As a result, if you’re looking to buy a home through a federally-regulated lender, you will be required to make a minimum 5% down payment. On the other hand, most major credit unions do still offer zero down mortgages, primarily aimed at lower income families getting into the housing market for the first time. The benefits of this are obvious, requiring less money up front, but what are the downsides? The biggest drawback to this kind of mortgage is the high interest rate. Most of these plans carry an interest rate up to 150% higher than mortgages with 20% or more down. This interest can add up very quickly, in addition to mandatory insurance required for any mortgage with below 20% down. The cost over time of both these high interest rates and insurance can become daunting expenditures, dramatically reducing the attractiveness of these mortgages.

Mid-Range Down Payments – 20% Down

In the Canadian housing market, 20% down is a bit of a milestone. If you put together less than 20% for a down payment, you will be required to also purchase default insurance, a pricy addition your regular mortgage payments. However, if you have 20% or more, you will be exempt from this burden. Common wisdom dictates that, in the long run, you will save a substantial sum of money if you can put together at least 20% for a down payment, as it will reduce your monthly payments substantially.

If you fall somewhere between 0% and 20% in terms of your ability to put together a down payment, you might want to look into the climate of your housing market. For example, when moving into a very popular housing market, where prices are increasing at a fast pace, it could be more expensive to wait until you have a larger down payment, as the prices will increase at a rate which negates the benefits you’d receive by not having to pay insurance. In a mellower housing market, you may be better off saving up and avoiding the higher interest and insurance premiums of a lower down payment mortgage, since the cost of housing will not be likely to climb so quickly.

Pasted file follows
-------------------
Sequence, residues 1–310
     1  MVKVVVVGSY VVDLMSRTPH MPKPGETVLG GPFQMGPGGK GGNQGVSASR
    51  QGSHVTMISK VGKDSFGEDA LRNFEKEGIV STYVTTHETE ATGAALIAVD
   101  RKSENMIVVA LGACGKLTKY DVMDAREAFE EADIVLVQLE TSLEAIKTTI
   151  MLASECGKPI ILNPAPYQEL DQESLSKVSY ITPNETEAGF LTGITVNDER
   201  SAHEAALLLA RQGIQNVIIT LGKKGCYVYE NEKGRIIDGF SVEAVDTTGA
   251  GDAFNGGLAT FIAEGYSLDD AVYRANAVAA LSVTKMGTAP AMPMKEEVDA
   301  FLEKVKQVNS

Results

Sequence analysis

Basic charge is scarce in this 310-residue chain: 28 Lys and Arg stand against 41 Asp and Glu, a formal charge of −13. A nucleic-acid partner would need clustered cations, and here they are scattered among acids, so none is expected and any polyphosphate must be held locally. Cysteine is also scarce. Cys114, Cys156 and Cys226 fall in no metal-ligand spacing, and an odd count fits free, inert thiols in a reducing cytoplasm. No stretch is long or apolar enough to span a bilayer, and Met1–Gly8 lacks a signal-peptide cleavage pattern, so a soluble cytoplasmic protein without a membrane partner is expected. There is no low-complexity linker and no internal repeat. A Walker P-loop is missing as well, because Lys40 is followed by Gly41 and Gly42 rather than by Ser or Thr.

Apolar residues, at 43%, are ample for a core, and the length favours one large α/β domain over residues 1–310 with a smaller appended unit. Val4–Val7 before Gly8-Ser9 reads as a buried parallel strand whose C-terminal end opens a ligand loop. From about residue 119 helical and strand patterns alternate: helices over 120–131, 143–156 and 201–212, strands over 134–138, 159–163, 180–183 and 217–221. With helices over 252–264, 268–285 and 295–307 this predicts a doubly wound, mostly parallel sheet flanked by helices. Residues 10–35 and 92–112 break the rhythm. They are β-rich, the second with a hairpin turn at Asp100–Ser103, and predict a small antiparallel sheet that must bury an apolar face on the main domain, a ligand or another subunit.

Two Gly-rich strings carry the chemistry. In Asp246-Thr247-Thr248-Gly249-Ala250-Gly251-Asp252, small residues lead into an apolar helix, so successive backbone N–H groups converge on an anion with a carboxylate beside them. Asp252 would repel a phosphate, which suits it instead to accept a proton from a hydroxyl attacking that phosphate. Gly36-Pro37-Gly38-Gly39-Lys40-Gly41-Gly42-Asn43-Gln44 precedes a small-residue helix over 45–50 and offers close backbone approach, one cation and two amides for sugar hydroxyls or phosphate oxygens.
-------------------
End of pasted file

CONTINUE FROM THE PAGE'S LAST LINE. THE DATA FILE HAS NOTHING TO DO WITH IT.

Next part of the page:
Whatever your specific situation, it helps to have professionals look into it with you and crunch the numbers to make sure that you’re making the best decision for you!

35% Down Payment – The Ideal Mortgage?

Further conventional wisdom dictates that if a 20% down payment is good, 35% must be even better. The importance of 20% is, of course, that the CMHC insurance is no longer required, but what if you’re situated so that you can afford an even larger down payment? Simply put, the more money you’re able to commit up front to a home, the less expensive it will be in the long run. Not only will you have less to pay off, but you will qualify for even more appealing interest rates. With lower interest rates and no insurance to worry about, the overall cost of your home will be substantially lower and you will be finished paying off your home far more quickly than if you were to put down the minimum.